The Last Thing I Loved: New York at Dawn
Harry Marks shares his favorite rare moments of New York City in the morning.
There is a moment when the sun peeks above the river, and the towers along 34th Street are bathed in light and shadow, when corpulent clouds meander behind watercolor buildings. New York City and I have an appointment every morning, one I do my best to keep as long as the weather holds and my train runs on time. It is a mirage I can’t describe to friends and coworkers. None of them care to see it, which is fine. It’s more special that way.
I’ve worked here for eight years, and my opinion has changed like so many gentrified neighborhoods. What once had been a gleaming wonder from the other side of the Hudson soon became my world, and it didn’t take long for the ragged edges and bald spots to be all I could see. In a way, I’ve eroded with it, my patience lapped at by waves of tourists and construction detours. The weather grows warmer and the stench of rotting garbage and urine clings to the rising heat. It’s crowded, loud, and always in motion. Walking the streets in the middle of the day, I imagine myself a shark — if I stop, I’m dead, or at least trampled by busy commuters rushing to catch the next bus.
I do get one fleeting instant, however, when the taxis aren’t honking like angry geese and the city shines brightest. It is a wisp of time passing without fanfare. There’s no switch flipping it from tranquility to chaos, no Jekyll slamming his palm against the table as Hyde consumes him. It is a line in the sand disappearing with the tide, and if I’m not paying attention, I’ll miss it.
This morning the chill tickles my nose as I emerge from Penn Station. The city has a bad habit of boiling everyone like corner hot dogs within its canyons, but at this early hour, even the heat is sleeping in. I savor the respite. Store lights blink on, aroused by the smell of coffee from carts and cafés. I buy a cup. Cabs scavenge for food along barren sidewalks. I glide by groggy pedestrians and take in the architecture, something I cannot do later when I’m stepping around yet another gawker brandishing a selfie stick. My footsteps echo off the pavement. The air is so crisp it shatters.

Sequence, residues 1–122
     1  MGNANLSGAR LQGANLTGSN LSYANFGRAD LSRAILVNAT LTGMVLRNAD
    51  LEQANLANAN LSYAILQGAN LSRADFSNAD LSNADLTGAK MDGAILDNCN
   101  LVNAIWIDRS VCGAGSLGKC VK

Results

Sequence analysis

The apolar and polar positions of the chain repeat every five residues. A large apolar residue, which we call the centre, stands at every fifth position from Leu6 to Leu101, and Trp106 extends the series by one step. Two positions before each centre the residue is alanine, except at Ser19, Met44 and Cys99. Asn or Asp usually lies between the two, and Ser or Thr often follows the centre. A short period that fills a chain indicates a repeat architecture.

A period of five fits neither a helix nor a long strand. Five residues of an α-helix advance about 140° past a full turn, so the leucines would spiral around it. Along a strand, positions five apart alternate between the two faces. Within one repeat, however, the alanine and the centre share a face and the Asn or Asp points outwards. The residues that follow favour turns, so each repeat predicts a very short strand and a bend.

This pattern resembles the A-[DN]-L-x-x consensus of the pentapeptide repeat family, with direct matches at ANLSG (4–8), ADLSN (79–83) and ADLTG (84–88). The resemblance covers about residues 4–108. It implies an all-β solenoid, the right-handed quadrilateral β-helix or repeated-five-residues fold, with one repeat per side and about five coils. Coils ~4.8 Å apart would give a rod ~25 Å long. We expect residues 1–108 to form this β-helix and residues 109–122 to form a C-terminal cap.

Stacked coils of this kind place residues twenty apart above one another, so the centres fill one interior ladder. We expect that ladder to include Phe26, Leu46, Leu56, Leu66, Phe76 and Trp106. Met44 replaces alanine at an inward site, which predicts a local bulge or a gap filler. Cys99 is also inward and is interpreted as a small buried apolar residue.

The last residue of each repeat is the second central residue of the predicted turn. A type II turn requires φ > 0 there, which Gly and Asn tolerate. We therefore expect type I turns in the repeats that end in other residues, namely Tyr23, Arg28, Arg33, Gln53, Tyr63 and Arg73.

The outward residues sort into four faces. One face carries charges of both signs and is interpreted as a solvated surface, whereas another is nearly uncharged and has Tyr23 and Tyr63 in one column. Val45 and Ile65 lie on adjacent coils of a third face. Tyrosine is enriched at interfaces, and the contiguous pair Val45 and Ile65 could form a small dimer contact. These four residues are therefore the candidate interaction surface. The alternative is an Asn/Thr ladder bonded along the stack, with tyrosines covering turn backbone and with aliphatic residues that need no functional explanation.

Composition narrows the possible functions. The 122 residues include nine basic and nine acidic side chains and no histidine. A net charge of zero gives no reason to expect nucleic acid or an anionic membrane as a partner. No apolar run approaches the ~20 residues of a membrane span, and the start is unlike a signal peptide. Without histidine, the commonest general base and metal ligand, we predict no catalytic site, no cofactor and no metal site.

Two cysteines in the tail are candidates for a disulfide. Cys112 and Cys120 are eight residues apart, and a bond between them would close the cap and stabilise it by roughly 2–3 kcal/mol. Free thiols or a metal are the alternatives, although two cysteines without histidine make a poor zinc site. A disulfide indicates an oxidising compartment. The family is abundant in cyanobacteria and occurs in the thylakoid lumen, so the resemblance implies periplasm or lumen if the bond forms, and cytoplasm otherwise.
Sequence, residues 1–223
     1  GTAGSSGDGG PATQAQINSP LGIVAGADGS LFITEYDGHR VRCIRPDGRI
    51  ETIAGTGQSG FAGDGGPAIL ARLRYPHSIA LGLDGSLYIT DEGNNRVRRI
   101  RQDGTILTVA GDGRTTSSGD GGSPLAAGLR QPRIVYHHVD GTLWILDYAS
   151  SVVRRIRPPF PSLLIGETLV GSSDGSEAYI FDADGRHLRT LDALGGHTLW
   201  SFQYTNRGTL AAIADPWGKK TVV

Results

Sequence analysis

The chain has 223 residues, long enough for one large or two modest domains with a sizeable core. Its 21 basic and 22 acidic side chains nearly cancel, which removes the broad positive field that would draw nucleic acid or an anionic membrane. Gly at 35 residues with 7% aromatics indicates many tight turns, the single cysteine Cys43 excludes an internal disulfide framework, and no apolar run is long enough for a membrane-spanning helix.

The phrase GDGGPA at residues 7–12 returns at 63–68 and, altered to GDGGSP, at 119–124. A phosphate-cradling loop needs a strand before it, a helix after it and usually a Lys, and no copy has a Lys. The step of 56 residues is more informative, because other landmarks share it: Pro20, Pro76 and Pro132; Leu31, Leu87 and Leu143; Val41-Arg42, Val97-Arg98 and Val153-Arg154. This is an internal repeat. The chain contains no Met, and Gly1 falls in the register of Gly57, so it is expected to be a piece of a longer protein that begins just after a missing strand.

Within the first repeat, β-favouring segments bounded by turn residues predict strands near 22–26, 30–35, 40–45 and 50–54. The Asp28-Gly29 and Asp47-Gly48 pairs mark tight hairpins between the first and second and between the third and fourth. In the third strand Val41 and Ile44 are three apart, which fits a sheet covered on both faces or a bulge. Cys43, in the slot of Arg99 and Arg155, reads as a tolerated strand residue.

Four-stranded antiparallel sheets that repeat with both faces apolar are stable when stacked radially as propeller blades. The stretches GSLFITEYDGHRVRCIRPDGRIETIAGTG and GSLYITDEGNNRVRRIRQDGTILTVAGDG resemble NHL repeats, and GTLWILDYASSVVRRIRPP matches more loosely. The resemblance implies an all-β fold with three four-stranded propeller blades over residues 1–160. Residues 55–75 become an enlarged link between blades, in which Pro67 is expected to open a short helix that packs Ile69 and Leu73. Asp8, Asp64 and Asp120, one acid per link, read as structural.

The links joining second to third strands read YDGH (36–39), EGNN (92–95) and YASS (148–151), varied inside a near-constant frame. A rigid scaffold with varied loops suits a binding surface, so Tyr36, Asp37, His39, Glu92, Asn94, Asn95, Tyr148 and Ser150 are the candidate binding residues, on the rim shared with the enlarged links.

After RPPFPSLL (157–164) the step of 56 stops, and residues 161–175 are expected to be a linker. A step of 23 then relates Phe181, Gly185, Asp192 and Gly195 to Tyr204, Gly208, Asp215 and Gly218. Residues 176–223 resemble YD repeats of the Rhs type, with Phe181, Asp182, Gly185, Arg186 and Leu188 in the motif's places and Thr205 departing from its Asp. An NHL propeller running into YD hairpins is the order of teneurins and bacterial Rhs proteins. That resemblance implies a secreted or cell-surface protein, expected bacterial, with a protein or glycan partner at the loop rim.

Most tourists haven’t slithered out from their hotels to clog the streets being hosed down before the morning rush. A small crowd is corralled at Rockefeller Center where they hold up signs for TV cameras, and an intern encourages them to applaud, which they do, waving and wooing for their friends and families back home. They’ve come all this way. I peer through the panoramic window at the hosts reading from the teleprompter and grin. Nowhere else.
St. Pat’s blossoms from below Fifth Avenue, its gothic spires reaching toward the sky, competing with office buildings and parking garages to see who is tallest. Though I don’t spend more than a few seconds on Fifth, my gaze drifts to the nearby stores. The city is in a war for its identity as glass and metal contend with bricks seemingly carved during the Renaissance.
My building isn’t much further, only a few blocks. The traffic swells under a skyline painted by Hopper. Another journey complete, I think, as I cross my office’s threshold and seal the din of jackhammers behind me for the morning. The city is something else now. Foreign. Too many people tearing it apart and leaving nothing for me.
For the next eight hours I belong to the clock, but for one New York minute, Manhattan belonged to me.